Why would he call Eve “the woman” who was deceived? It is clear from Genesis 3 that the serpent deceived Eve; but what isn’t clear is why Paul would have to defend what is already contained in the Law. The answer? The Law, as written, is being disputed. Why did Paul need to defend the Law if everything was being embraced in the Law as true doctrine?

The reason why he defends the Law is because it isn’t upheld—instead, it is being challenged by other teachings in the church (1 Timothy 6:3-5).
So whatever “authentein” is, it must be challenged by the false “teaching” that is connected to it.

What does Paul use to combat the women teaching? The Law. And what is the Law (Genesis) about here? The origin of creation, the origin of human history. 1 Timothy 1 already told us that the problems of speculations at the Ephesian church consisted of “myths and endless GENEALOGIES…” Genealogies, as I revealed in an earlier post on the Pastoral Epistles, defined what “genealogies” are—accounts of human origin (according to the Merriam-webster dictrionary).

From our formula




While "authentein" may not be negative in and of itself, it certainly was (based on the context of false teaching at Ephesus). The creation story was being twisted (used "unlawfully," reminiscent of Paul's words in 1 Timothy 1:9)-- and these things were being taught (notice the "to teach" in the equation as the summation of the situation). What were the women to teach? the opposite of the woman being the original man; in other words, they were to teach in accordance with Scripture (that Adam was first formed, then Eve; and Adam was not deceived, but the woman being deceived fell into the transgression).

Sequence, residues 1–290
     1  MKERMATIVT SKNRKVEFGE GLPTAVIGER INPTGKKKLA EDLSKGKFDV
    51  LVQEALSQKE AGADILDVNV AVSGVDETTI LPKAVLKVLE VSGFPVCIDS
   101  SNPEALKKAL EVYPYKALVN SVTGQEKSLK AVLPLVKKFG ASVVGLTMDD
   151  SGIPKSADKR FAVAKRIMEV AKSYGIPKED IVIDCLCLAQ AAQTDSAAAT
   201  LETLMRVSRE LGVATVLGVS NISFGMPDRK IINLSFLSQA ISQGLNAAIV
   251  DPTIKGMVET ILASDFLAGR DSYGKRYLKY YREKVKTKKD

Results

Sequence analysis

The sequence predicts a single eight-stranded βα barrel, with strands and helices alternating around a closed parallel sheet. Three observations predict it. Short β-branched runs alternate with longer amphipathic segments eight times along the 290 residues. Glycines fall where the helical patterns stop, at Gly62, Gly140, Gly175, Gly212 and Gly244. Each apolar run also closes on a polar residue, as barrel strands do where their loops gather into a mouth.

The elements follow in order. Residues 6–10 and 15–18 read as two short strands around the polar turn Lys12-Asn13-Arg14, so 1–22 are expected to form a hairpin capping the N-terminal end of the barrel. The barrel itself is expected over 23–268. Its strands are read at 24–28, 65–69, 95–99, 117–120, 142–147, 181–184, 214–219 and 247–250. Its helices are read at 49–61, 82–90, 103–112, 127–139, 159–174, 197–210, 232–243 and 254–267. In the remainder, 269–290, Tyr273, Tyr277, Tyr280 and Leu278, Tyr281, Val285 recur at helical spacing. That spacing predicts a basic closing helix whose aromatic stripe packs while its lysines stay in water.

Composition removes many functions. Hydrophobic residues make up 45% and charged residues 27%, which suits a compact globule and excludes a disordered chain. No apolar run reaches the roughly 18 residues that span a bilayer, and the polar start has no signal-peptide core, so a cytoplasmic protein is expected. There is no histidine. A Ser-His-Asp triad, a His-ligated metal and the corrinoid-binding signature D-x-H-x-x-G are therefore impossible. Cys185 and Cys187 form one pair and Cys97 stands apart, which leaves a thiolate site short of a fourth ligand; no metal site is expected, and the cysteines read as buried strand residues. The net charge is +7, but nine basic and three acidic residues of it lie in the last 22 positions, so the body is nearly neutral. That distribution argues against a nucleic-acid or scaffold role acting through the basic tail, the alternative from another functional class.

We can see that there was something being taught incorrectly about the creation story. What was this? The fact that Eve was created before Adam and that Adam was deceived instead of Eve.

Further context reveals the issue here. Look back at 1 Timothy 2:5 (ESV):

5For(H) there is one God, and there is one mediator between God and men, the man[a] Christ Jesus

There seems to be a reason behind why the phrase “the man Christ Jesus” has to appear here THE ONLY TIME in the New Testament, if not throughout all of the canon of Scripture!
To show us more of the context of the Pastoral Epistles, I did a keyword search at and found that the phrase “the knowledge of the truth” is used FIVE TIMES throughout Scripture, all five being in the New Testament, with THREE of the five times the phrase is used appearing in 1 and 2 Timothy! This is not a surprise. All the letters to Timothy (and the letter to Titus) are about the churches teaching and walking in correct doctrine.

Looking at the verse from that of a simple mathematical equation, we can find out what the problem with “authentein” involved—a falsehood or heresy of the creation story.

“Authentein” then, by working through the verse, turns out to have some connection to the creation story. In a future post, I’ll discuss why based on this mathematical, hermeneutical equation of “authentein,” we cannot translation the verb to mean “to have authority” or “to exercise authority.”